What had to be done

Our view: Killing of bin Laden does not end the threat of Al-Qaida, but its psychological effect on the war on terror could be profound

May 02, 2011

Ten years, two wars, and countless false starts and wrong turns after the most terrible criminal act ever committed on American soil, the man responsible for nearly 3,000 deaths on Sept. 11, 2001, has been killed. It is unlikely that ever before in history have so many resources been committed to bringing one man to justice, and on Sunday, with a deadly precise raid on a compound deep within Pakistan, a group of Navy SEALs acting after years of work by the entire American intelligence community, erased years of failure and changed the face of the war on terrorism.

Upon the news of Osama bin Laden's death, crowds gathered outside the White House, on the site of the World Trade Center in lower Manhattan, and elsewhere, chanting "USA! USA!" and singing "Na na hey hey kiss him goodbye." President Obama gave an address in the East Room of the White House late Sunday night in which he said, "today's achievement is a testament to the greatness of our country and the determination of the American people. … Tonight, we are once again reminded that America can do whatever we set our mind to. That is the story of our history, whether it's the pursuit of prosperity for our people, or the struggle for equality for all our citizens; our commitment to stand up for our values abroad, and our sacrifices to make the world a safer place."

The moment was indeed historic, but it was not a time for jubilation. The president's words made it sound as if killing bin Laden was a testament to America's can-do spirit on par with the completion of the transcontinental railroad or the moon landing. This was not a triumph of America, or a credit to the glory of mankind. It was a grim but necessary piece of business, one that does not begin to erase all the evil done by bin Laden or those who killed in his name. But for the sake of the families of the thousands he killed on Sept. 11, in the embassy bombings in Africa, the attack on the USS Cole, and in other acts of terrorism throughout the West and the Muslim world, it had to be done. For the sake of the civilization he sought to destroy, it had to be done.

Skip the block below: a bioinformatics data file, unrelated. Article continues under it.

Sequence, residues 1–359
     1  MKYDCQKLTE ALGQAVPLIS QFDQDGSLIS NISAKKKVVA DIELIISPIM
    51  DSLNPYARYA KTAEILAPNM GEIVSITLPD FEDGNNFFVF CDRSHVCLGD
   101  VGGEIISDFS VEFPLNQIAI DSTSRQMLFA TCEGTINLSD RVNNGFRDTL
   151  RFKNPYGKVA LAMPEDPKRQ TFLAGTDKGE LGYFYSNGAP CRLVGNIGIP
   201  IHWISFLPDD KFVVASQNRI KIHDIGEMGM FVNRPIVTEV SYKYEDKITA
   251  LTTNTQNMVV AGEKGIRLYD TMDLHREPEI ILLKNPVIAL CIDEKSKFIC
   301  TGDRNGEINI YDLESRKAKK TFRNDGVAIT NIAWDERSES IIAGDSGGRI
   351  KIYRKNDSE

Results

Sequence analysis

Does it make us safer? In the short term, perhaps not. American embassies around the world are on alert for retaliatory attacks, and the State Department has issued travel advisories urging Americans abroad to exercise caution. And even in the long term, it's unclear how much the death of bin Laden will disrupt Al-Qaida's ability to carry out terrorist strikes. His isolation has surely diminished his ability to act as more than a figurehead for the organization, and in any case, he has deputies ready to take his mantle. The kind of centralized planning and training of terrorists from a safe haven that characterized Al-Qaida before Sept. 11 has long been disrupted by the efforts of the Bush and Obama administrations and our allies, and instead, the organization has morphed into a set of semi-autonomous regional affiliates.

Bin Laden's death may make them less effective — he was a charismatic leader whose iconic status helped hold together groups with differing agendas. It was his connections to the Persian Gulf region that supplied Al-Qaida with much of its funding. And overall, it was his vision for attacking the West as a means to destabilize what he saw as corrupt regimes in the Middle East that gave Al-Qaida its purpose and made it attractive for the angry and disaffected. How successfully his top deputy, Ayman al-Zawahiri, will be at maintaining the organization's relevance in a time when millions of people across the Arab world are choosing a different — and vastly more effective — path to protest their repressive leaders remains to be seen.

The importance of bin Laden's death is largely symbolic, though the value of such symbolism should not be discounted. It is restorative to the spirit of the United States and its allies and deflating to those who would do us harm.

Ten years after Sept. 11, the failure to capture or kill bin Laden was the most potent reminder of the limitations and failures of our war on terrorism. Our inability to bring peace and stability to Afghanistan, our disastrously mistaken search for weapons of mass destruction in Iraq and our inability to devise a just means for detaining, interrogating and trying terrorism suspects all contributed to a sense of powerlessness and decline of which the continued ability of one man to evade and defy us served as a focal point. At a crucial moment, when troops are set to withdraw from Iraq and when we face the springtime resumption of fighting by the Taliban in Afghanistan, bin Laden's death demonstrates to our nation, our armed forces and our allies that we retain the power to do what we set out to do.

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